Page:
Cathy Wise was doing fine until she ended up on the unemployment line after being laid off from her job at the Sony plant in Pitman last year, and soon found it difficult to make ends meet.
She made the drive up to West Deptford from Mullica Hill, as she does regularly, for the arrival of the Food Bank of South Jersey’s Hope Mobile Wednesday, a tractor-trailer that hauls thousands of pounds of produce around Gloucester, Camden, Salem and Burlington counties as part of a mobile food pantry.
Wise said getting food from the Food Bank is essential, as it helps take the pressure off her when it comes time to pay her other expenses, from utilities to rent.
"The unemployment just isn't enough," she said. "I've got to have a roof over my head."
This Hope Mobile stop came with some extra help, in the form of state Secretary of Agriculture Doug Fisher, Assembly representatives John Burzichelli and Celeste Riley, and West Deptford Mayor Anna Docimo, who came out to see the program’s impact firsthand and volunteer some time on the line.
"They're seeing the new face of hunger," said Joe Njoroge, the Food Bank of South Jersey’s chief operating officer.
From seniors to young families, there were few groups not represented among the line of close to 100 people that had formed before 9 a.m. at the jammed parking lot at .
Agriculture Secretary Doug Fisher said he was there to see firsthand what kind of difference the Food Bank makes.
"People have fallen on hard times, and this means so much to them," Fisher said.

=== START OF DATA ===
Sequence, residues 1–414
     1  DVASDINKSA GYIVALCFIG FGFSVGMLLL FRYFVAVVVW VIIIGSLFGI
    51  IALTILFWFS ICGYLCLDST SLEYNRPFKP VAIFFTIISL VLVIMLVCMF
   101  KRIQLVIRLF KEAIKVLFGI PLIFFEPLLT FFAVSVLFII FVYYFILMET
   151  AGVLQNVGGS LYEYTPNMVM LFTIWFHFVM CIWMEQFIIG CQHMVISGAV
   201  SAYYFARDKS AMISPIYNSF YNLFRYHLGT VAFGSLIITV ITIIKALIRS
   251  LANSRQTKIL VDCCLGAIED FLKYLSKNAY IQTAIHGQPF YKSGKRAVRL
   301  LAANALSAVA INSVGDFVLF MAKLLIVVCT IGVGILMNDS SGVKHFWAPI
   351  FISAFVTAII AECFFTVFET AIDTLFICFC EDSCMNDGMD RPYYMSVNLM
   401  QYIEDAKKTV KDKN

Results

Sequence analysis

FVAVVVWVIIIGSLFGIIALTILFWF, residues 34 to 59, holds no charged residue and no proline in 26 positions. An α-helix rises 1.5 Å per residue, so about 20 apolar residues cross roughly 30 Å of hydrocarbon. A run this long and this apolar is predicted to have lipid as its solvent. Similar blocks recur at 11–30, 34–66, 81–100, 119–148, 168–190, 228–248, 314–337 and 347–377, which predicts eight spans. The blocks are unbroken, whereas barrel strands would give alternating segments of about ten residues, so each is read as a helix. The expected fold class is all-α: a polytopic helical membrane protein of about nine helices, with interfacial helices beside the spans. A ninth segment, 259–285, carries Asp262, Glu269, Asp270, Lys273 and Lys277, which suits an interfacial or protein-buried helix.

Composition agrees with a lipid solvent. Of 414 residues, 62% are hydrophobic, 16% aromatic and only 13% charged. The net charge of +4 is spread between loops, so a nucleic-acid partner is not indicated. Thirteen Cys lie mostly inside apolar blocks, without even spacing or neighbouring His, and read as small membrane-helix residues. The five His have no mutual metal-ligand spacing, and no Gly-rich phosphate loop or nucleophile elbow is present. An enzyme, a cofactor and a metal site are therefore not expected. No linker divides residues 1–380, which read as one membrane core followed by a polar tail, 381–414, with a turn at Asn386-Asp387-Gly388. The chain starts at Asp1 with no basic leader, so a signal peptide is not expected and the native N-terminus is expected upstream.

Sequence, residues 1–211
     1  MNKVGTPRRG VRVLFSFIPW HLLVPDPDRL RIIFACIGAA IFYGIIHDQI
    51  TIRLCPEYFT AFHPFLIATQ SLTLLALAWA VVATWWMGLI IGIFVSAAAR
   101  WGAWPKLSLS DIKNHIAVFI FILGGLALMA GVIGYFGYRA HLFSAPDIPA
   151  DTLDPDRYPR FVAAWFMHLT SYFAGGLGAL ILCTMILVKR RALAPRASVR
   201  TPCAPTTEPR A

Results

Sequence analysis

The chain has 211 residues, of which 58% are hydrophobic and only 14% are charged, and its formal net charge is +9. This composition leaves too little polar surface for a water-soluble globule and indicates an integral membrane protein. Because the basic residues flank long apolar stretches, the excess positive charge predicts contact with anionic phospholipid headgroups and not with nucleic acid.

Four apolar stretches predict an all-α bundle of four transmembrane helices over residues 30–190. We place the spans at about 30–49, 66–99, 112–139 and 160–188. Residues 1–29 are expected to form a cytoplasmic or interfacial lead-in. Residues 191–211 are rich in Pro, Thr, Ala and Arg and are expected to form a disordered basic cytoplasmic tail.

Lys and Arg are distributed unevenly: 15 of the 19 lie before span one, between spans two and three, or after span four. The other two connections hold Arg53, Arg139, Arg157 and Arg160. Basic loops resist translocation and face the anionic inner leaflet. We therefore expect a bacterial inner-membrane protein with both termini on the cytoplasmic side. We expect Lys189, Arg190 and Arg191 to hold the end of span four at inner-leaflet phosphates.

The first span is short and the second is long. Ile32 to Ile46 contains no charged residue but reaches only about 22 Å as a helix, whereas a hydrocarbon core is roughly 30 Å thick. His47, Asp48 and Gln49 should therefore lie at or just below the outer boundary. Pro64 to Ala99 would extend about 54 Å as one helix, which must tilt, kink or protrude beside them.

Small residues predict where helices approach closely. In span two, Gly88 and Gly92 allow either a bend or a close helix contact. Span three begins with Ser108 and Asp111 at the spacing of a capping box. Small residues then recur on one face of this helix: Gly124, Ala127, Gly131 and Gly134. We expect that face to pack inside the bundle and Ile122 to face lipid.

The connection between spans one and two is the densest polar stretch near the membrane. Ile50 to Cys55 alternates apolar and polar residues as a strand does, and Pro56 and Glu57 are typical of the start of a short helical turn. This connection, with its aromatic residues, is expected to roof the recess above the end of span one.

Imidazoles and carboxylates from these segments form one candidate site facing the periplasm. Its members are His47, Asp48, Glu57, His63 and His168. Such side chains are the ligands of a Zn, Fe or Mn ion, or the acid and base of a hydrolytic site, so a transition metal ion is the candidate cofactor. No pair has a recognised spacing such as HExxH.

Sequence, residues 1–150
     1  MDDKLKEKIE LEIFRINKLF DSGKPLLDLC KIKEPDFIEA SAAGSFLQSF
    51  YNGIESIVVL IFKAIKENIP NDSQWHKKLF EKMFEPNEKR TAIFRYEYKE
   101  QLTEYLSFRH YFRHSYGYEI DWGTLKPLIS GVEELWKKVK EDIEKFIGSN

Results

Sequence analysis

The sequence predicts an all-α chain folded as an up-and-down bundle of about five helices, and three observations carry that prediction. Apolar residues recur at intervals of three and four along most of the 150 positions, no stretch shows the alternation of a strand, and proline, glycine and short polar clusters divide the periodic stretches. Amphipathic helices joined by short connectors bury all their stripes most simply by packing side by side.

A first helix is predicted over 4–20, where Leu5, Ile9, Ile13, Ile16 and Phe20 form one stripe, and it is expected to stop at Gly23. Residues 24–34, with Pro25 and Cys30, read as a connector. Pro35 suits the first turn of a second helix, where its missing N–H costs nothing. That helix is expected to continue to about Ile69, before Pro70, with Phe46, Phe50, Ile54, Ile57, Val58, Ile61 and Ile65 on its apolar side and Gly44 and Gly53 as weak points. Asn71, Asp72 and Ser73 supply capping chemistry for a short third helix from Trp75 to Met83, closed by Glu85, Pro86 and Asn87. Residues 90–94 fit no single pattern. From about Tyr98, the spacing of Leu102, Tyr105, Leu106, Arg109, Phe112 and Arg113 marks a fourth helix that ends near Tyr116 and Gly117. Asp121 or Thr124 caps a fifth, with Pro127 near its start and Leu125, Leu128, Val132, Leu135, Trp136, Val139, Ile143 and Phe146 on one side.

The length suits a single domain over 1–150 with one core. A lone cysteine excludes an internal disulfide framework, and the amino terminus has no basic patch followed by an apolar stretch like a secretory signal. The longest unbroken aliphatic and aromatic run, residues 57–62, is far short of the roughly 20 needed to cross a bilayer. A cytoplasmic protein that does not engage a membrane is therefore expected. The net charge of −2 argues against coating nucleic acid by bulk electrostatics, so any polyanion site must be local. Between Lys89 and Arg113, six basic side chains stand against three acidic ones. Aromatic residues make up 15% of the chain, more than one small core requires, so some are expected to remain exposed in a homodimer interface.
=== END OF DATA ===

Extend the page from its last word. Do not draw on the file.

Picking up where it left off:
It’s a growing need, as well, Njoroge said–the Food Bank of South Jersey has more than doubled the amount of food they distribute, from 4.6 million pounds in 2008 to an estimated 12 million pounds this year.
It’s not just in what might be thought of as poor areas any more; Njoroge said the Food Bank helps 175,000 people across the spectrum, from inner-city Camden to the suburbs.
"There's hunger in America in the places you least expect to find it," Burzichelli said.
To help that need, the Food Bank of South Jersey has been able to add fresh produce–much of what was distributed at St. Paul’s–with funding from the State Food Purchasing Program, which allows organizations like the Food Bank to buy produce at lower rates, with additional donations from the farming community.
“Farmers are incredibly generous,” Fisher said.
It’s even more important, in light of growing food deserts–places where it’s hard to find healthy, affordable food, which are becoming more common in both urban and rural areas.
“Their access to fresh produce is very limited,” Riley said.
As the legislators took their spots along the distribution line, handing out everything from sweet corn to peaches to eggs, Njoroge praised the continuing support from government in helping the Food Bank to meet the local need.
"They see the impact their work has," he said.